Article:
For teenagers now, though, texting has been largely superseded by instant messaging – as Stephanie Lipman, a 17-year-old Londoner, explains. “I did text for a while, but instant messaging is so much better – like a constant stream-of-consciousness. You don’t have to bother with ‘Hello. How are you?’ or any of that. You just have this series of conversations with your friends which you can add on to when you’re in the mood.”
As Stephanie says, she just happened to be the right age for the right trend. Like most of her friends she subscribes to BlackBerry Messenger. When she was younger, BlackBerries were things that only businessmen had, but she came of age just in time to catch the tipping point for their transformation into the must-have teen accessory.
And what of the even-younger generations? According to Mizuku Ito, of the University of California Humanities Research Institute, they’ll make less distinction between online friends and real friends, and will be more discerning about what they choose to take from popular culture. And according to Larry Rosen, a California professor, they’ll be better at multi-tasking: his research has shown that 16 to 18 year-olds can perform seven tasks on average in their free time (texting, checking Facebook, watching TV, etc), whereas people in their early 20s can only handle six, while those in their 30s perform about five and a half.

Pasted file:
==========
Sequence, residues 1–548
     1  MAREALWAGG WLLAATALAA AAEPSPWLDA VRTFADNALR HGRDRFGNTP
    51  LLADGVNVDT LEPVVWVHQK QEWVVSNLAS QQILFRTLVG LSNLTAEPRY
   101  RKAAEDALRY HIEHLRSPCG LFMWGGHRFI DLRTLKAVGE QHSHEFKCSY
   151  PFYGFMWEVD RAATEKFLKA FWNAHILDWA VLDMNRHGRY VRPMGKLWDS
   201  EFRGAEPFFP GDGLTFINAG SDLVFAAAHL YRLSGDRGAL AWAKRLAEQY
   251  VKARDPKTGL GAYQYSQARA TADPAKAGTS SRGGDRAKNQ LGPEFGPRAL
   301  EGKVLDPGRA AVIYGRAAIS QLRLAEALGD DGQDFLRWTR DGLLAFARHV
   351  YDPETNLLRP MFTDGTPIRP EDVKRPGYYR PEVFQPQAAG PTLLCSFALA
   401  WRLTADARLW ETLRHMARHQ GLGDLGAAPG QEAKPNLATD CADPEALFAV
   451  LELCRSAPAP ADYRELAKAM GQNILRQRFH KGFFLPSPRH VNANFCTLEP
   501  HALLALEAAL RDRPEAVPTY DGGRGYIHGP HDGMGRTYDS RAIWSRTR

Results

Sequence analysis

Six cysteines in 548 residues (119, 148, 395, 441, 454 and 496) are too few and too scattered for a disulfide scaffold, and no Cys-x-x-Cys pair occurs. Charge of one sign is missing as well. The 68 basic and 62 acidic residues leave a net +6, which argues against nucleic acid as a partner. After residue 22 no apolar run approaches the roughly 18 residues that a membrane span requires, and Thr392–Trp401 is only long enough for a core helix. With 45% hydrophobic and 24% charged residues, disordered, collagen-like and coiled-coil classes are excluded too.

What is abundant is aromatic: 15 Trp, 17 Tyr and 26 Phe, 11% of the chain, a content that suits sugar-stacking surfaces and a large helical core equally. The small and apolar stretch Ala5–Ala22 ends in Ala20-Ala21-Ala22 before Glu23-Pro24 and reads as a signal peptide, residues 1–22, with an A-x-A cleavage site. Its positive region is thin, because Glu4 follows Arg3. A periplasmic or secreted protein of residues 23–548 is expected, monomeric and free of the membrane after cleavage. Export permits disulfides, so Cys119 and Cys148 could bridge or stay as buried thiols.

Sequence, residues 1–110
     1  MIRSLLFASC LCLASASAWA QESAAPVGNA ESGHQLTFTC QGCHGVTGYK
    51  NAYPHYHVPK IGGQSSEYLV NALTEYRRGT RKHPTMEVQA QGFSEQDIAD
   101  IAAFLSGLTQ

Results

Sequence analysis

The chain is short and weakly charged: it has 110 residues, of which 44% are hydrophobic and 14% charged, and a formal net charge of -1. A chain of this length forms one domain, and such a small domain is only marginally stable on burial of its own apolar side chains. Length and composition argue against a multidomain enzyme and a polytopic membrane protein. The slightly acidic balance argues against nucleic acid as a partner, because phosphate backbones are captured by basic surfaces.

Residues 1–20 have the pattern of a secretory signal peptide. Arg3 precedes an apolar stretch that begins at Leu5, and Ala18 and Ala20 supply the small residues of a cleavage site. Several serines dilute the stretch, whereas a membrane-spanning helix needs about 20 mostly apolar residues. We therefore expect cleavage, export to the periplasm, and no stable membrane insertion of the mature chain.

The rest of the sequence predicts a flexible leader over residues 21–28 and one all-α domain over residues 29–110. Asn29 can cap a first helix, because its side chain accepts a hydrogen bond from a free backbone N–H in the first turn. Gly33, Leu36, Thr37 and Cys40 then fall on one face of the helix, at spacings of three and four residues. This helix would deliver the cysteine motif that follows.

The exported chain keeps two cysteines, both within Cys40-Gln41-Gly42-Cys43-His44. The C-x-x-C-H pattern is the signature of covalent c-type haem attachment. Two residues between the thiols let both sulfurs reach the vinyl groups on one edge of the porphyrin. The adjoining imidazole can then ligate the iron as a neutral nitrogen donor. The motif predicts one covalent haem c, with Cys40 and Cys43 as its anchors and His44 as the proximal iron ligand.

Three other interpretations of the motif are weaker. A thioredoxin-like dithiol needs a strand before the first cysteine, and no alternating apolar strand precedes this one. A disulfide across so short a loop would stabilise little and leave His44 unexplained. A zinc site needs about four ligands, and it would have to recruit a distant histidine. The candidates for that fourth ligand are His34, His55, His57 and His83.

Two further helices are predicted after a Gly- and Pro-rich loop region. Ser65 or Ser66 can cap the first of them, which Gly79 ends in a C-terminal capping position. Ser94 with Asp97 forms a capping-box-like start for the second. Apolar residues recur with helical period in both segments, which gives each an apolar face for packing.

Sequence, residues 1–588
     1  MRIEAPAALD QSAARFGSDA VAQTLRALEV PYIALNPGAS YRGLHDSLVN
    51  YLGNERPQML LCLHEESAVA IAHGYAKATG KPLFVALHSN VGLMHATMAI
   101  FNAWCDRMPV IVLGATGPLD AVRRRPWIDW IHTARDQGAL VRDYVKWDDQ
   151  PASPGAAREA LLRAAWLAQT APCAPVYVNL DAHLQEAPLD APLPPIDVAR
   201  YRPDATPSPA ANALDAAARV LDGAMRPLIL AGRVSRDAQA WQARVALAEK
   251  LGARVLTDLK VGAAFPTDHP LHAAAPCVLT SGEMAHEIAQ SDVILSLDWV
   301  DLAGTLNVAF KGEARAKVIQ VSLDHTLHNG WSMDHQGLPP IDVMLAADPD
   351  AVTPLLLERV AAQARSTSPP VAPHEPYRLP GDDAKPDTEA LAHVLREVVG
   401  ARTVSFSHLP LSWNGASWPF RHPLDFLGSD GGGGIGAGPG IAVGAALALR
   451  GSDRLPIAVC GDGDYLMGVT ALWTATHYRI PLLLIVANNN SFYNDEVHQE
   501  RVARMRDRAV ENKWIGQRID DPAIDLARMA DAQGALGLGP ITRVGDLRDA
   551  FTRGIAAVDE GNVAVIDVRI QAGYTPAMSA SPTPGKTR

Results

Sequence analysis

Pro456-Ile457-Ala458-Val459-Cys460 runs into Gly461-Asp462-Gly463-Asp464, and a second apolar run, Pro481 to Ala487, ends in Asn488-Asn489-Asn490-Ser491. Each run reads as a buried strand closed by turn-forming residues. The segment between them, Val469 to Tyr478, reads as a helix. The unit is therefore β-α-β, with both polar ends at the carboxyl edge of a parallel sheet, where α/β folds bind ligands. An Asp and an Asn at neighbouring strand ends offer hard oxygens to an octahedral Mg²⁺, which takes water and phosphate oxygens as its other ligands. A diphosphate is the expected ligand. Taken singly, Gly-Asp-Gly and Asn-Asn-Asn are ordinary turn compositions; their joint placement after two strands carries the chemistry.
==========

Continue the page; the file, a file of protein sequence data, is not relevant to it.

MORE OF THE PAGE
My own prediction, from watching my 9 and my 11 year-old in action, is that kids will give up on conventional television. Boy and Girl now watch all their programmes via the internet on laptops, so that they can see exactly what they want when they want: Girl goes for Horrible Histories or cookery programmes on BBC iPlayer; Boy downloads the latest episodes of The Simpsons from the US. No one showed them how to do this, and they’re not especially techno-minded: they just intuited it in that scary way children do.
Will they all abandon printed books and start reading everything on Kindle? Or will it be the next micro-generation that does that? And will there be some kind of retro backlash where, in a statement of difference, kids start gravitating back to books and old-fashioned texting, or even vinyl LPs for their superior, warm, analogue sound?
The truth is we just don’t know, and anyone who claims otherwise is talking nonsense. As The Spectator‘s techno guru Rory Sutherland, aka Wiki Man, points out, there’s not even consistency among age groups around the world. “For example, US kids were much earlier adopters of instant messaging than British kids, except in odd pockets like Cleveland, Ohio – where texting was huge. And in Japan eBay isn’t big, but Yahoo is colossal. And in Poland, they don’t Tweet, they Gadu Gadu, while in India and Brazil they prefer Orkut to Facebook.”
All we can say with confidence about future technologies is that they’re not going to be the disaster we Luddite oldies instinctively fear. (Remember the fuss about how texting was going to wipe out a generation’s literacy, thanks to abbreviations like gr8? These were largely an urban myth: hardly anyone used them, and those who did were shown by research to be children with the higher reading ages.) And that, in another couple of years, we’re going to find ourselves more passé than we could ever have imagined.